Something’s Fishy

By: Dana Sackett
To kick-off the New Year, I wanted to share something fun, and what’s more fun than fish idioms! You may be wondering: what’s an idiom? An idiom is a figurative expression such as “big fish in a small pond” or “fishing for a compliment.” Some fish expressions are relatively obvious in their meaning and origin (e.g. packed in like sardines, a fish out of water, slippery as a fish) while others may surprise you.


Some examples of fish idioms. Source:

For instance, you may wonder if “shooting fish in a barrel” was ever a popular activity? This common idiom often describes an effortless or simple task.  It likely comes from the days before refrigeration when fish were packed to the rim and stored alive in large barrels. Thus, any shot that entered the barrel would hit at least one fish. Mythbusters tested this expression in 2007 and found that if the bullet did not kill the fish the shockwave from the bullet would.

A play on the idiom, shooting fish in a barrel. Source:

A “red herring” is an expression often used to describe a distraction from an issue or used in literature to lead readers to a false conclusion. You may be interested to know that there is no such fish as a red herring. Instead, dating back to the 13th century, red herring was used to refer to the way a fish (typically a herring) was prepared and cooked: strongly cured in brine and heavily smoked, creating a very pungent smelling fish with reddish skin.


Red herring first referred to the way fish were cooked, resulting in a strong smelling fish with reddish skin. Source:

Some have suggested that red herrings were used in training young hounds to follow a scent and later when trained, they were used as a distraction to the dog to ensure the dog would continue to follow the correct (prey) scent rather than the stronger red herring scent. Another theory suggests that escaping convicts would use red herrings to throw off hounds in pursuit.



The hunting practice was referenced in a pamphlet published in 1599 by Thomas Nashem, though the first popular reference to a “red herring” as an idiom was published by journalist William Cobbett when the English press mistakenly reported Napoleon’s defeat. Cobbett recounted that he had once used a red herring to deflect hounds in pursuit of prey, and he suggested that the misreport was a political red-herring.


The expression, “drink like a fish” came about because many fish swim with an open mouth and look like they are continuously drinking. Fishery biologists, however, know that only marine fish drink constantly (to replace much needed water that is lost to the environment because of the salt imbalance between marine fish and the ocean). Source:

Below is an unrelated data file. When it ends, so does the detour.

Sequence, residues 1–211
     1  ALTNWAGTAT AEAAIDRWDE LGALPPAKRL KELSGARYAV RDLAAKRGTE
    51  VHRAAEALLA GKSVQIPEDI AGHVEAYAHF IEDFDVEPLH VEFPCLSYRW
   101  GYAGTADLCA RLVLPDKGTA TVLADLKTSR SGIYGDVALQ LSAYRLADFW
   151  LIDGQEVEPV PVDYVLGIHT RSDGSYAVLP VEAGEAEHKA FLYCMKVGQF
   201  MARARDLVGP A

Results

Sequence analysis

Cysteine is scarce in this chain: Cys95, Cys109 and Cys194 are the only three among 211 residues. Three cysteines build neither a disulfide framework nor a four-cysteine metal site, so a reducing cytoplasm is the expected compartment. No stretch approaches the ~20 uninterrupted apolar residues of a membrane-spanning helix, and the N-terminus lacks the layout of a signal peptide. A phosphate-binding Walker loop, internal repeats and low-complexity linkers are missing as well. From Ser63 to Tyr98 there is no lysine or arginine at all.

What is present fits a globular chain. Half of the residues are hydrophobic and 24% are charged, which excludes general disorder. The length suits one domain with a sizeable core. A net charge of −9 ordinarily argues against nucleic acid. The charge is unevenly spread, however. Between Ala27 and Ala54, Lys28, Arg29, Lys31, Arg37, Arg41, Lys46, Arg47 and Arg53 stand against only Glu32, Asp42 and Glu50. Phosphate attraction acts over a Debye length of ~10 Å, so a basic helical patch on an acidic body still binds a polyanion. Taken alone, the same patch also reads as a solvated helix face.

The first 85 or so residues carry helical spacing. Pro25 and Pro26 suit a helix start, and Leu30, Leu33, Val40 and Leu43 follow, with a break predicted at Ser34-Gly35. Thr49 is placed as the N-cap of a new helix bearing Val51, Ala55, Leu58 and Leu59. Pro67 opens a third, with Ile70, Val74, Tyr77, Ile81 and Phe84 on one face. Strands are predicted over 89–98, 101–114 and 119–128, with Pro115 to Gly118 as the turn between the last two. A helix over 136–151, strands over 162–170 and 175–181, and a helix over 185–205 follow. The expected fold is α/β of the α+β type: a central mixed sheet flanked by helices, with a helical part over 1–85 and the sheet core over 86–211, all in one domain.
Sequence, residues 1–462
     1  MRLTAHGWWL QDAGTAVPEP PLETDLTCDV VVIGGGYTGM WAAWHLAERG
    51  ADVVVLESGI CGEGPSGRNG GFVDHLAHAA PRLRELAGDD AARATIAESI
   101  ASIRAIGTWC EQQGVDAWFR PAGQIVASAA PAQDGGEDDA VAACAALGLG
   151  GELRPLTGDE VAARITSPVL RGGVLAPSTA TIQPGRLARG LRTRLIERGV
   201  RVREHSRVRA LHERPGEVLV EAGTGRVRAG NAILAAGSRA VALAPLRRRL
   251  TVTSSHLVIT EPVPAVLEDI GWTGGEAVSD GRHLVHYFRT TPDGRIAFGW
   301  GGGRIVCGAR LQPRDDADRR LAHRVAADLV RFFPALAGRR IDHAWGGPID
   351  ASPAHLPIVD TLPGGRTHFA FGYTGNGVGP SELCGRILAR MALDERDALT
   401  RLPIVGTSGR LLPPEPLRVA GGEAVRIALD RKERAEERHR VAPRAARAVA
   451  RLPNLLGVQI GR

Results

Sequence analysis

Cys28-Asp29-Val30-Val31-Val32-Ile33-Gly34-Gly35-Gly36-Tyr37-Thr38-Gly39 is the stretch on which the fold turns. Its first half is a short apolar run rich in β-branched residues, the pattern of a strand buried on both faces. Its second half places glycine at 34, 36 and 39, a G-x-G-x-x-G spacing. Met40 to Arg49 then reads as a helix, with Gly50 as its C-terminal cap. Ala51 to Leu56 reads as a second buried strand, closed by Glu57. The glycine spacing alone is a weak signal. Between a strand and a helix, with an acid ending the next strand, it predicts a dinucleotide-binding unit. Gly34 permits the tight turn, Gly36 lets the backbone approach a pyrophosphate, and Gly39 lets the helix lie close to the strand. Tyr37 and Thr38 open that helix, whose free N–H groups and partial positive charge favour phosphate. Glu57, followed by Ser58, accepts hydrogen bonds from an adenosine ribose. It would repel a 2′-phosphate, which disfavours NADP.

“Holy mackerel” is an exclamation of surprise or amazement now, but it may not have started out that way. Though this expression was recorded in 1803, it did not become popular until the late 1920s. Many suggest that holy mackerel originated as a derisive reference to Catholics since a slang term for Catholics at that time was “mackerel-snappers.” This saying came about because of the Catholic custom of eating fish instead of other meat on Fridays and because mackerel were cheap, making it a fish poor Catholic immigrants could likely afford. It has also been suggested that “holy mackerel” was modeled after Holy Mary, Holy Mother or Holy Michael.



“Fish or cut bait” is another common expression, dating back to the 19th century, that advises for quick decision-making. The original version of the expression comes from fishermen who literally had to decide who is to fish, and who is to cut the bait. The United States Service Magazine in 1856 contained an early example of the expression: “The time had come when, as the mackerel fisherman said to his passengers, they must do one of three things: Fish, cut bait, or go ashore.”

Many do not realize that the original meaning of “cut bait” in the expression, “fish or cut bait” was to literally cut bait. Source: 


The meaning of “cut bait” has evolved in recent years to imply “giving up” on something, or “act now or stand down”. This variation stems from an alternative interpretation of “cut bait” meaning to cut one’s fishing line. This version of the expression is now so common that it is the primary definition for the idiom.
Since the 16th century people have referred to something of distaste by comparing it to the smell of decaying fish. The bad smell comes from a chemical released when fish break down called, trimethylamine. Source:

3 Comments Add yours

  1. Kevin Frank says:

    That was way more interesting than I first thought it was going to be. Nice post.

  2. Anonymous says:

    Yes, that was informative and fun. Thanks, Dana.

  3. Catholics didn't eat fish because it was cheap, it was because the Pope decreed it: the original thinking (like, medieval style) was that red meat was “hot,” and therefore encouraged all kinds of immoral, carnal thoughts and behaviors. Fish, in contrast, was “cold,” and therefore safe for holy days.

    Desperation to eat something besides fish (there used to be a lot of holy days), enabled by shoddy zoology, led to some interesting conclusions. For instance, some declared geese to be fish, because (as everyone knew) they grow from barnacles.

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